Bulk Carrier Cape Apricot Takes Out Largest Berth at North America’s Largest Coal Exporter

At around 1 AM on Friday morning, the Cape Apricot, a cape-sized bulk carrier, chartered to K Line, smashed through a coal conveyor serving the largest of two berths at Westshore Terminals in Vancouver, Canada.  An undetermined amount of coal was spilled into Georgia Strait.  Westshore Terminals is North America’s largest coal exporting port facility.  The bulk carrier took out approximately 100 meters of the conveyor, the causeway, water pipes, electrical lines and an adjacent road.

Ship crashes into dock at Westshore Terminals, spilling coal into water

The mishap has put the berth out of service for an indefinite period of time, affected the port’s ability to export coal, disrupted customer deliveries and caused a yet-to-be-determined effect on the waters off the Fraser delta.

The loss of the berth, which handles ships with a cargo capacity up to 260,000 tonnes, is a significant blow to Westshore, which is North America’s largest coal exporting port. Westshore has one remaining berth, which can handle ships with a capacity of 180,000 tonnes.

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11 Responses to Bulk Carrier Cape Apricot Takes Out Largest Berth at North America’s Largest Coal Exporter

  1. Louis Cohen says:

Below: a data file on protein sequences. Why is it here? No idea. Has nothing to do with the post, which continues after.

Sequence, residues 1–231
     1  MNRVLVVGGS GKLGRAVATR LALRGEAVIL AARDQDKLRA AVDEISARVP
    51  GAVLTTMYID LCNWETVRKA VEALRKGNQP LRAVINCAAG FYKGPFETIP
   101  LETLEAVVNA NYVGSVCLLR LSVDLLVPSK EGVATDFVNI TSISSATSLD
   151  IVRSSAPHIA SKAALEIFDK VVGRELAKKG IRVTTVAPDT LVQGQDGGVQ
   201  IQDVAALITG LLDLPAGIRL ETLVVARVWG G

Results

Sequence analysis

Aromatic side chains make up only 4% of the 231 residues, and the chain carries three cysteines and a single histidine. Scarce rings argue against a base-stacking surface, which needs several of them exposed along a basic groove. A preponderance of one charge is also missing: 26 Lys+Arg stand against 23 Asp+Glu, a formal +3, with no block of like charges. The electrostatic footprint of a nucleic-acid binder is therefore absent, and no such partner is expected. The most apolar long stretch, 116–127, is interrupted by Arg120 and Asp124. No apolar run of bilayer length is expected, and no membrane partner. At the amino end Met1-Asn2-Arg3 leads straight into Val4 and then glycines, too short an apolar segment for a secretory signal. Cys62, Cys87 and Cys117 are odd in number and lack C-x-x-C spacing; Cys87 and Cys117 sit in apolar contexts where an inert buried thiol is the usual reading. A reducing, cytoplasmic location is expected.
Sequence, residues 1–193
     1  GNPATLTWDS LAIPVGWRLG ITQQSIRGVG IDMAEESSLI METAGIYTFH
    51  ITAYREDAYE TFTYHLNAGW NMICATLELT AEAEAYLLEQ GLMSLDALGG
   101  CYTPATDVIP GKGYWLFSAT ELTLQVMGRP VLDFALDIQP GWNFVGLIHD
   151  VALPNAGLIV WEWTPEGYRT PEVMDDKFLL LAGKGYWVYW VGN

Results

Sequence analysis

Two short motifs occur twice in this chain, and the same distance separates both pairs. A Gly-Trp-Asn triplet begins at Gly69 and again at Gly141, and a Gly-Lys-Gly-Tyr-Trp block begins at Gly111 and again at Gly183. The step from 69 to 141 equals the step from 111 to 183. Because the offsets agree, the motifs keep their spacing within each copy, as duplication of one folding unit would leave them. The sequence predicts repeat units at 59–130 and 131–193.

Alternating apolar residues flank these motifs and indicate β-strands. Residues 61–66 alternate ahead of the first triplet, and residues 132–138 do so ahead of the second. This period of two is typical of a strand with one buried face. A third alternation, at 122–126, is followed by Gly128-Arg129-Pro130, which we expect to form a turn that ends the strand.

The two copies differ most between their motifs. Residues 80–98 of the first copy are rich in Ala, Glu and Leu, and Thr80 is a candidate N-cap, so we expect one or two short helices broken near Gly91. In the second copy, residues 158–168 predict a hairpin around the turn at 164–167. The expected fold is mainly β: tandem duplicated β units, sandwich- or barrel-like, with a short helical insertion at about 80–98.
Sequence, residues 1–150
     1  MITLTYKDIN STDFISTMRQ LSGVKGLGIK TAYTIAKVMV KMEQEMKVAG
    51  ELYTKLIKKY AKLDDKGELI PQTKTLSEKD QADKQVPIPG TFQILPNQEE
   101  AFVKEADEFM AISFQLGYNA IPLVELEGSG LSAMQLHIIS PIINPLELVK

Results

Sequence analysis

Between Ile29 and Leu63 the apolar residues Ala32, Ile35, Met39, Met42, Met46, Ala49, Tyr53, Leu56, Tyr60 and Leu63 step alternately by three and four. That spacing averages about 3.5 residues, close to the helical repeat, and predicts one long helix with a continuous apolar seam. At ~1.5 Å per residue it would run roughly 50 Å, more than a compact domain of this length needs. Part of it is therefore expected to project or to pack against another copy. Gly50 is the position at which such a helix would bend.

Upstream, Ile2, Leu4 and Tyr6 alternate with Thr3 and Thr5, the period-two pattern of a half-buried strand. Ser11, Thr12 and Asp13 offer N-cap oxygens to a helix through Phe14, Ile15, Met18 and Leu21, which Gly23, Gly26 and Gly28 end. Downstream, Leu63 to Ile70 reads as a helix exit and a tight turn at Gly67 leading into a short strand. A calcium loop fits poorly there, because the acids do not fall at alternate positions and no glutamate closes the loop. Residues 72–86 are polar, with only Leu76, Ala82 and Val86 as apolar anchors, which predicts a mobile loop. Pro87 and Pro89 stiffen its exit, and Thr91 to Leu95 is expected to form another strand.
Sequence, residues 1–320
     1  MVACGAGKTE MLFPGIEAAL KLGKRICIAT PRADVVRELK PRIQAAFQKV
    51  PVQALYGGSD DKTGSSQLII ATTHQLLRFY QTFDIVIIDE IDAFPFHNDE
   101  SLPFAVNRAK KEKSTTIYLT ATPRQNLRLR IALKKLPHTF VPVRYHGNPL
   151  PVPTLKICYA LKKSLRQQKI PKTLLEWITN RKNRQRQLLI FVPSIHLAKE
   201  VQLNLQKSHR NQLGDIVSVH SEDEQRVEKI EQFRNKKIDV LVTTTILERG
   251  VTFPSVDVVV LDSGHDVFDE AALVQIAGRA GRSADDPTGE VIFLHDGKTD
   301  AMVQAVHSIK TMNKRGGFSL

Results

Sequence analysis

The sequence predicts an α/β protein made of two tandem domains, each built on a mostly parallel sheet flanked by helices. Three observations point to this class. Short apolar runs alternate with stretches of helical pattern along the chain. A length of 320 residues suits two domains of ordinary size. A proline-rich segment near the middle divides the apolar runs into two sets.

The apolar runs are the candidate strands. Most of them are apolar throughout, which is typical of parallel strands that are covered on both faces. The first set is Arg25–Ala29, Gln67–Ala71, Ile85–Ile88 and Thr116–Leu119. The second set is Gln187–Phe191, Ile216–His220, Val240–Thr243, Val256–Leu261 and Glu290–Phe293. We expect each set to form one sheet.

I met a BC harbor pilot recently. He said that the bulk carriers were the toughest to handle. They are underpowered (ie designed to be at sea moving slowly) and require lots of tug assistance and careful maneuvering. I wonder that the tugs couldn’t keep the vessel away from the structure if the ship lost steering or power.

  2. Eric Herman says:

    It would be nice to see….

    Wind conditions, number of tugs, etc…. on this one.

    Easy to say “Ship wiped out the dock”. But contributing factors always tell the tale. Assuming vessel was in ballast, that is a big sail area on her.

    Sometimes you should just say “no” and wait for the conditions to improve. Charter party be damned. But as said, no idea of the conditions.

  3. Rick Spilman says:

    Right now, we do not know the circumstances of the accident. We do know that the ship took out 100 meters of conveyor and roadway, so saying that it “wiped out the dock” is no exaggeration.

    Many, if not most, contacts between ships and fixed objects are simply human error. Small errors in pilotage have huge consequences on a cape-sized bulker. We shall have to wai and see if weather or mechanical failure contributed to the accident. On the other hand, I wouldn’t rule out the possibility that a simple mistake made at 1 AM may have set events into motion that ended with ship taking out the conveyor.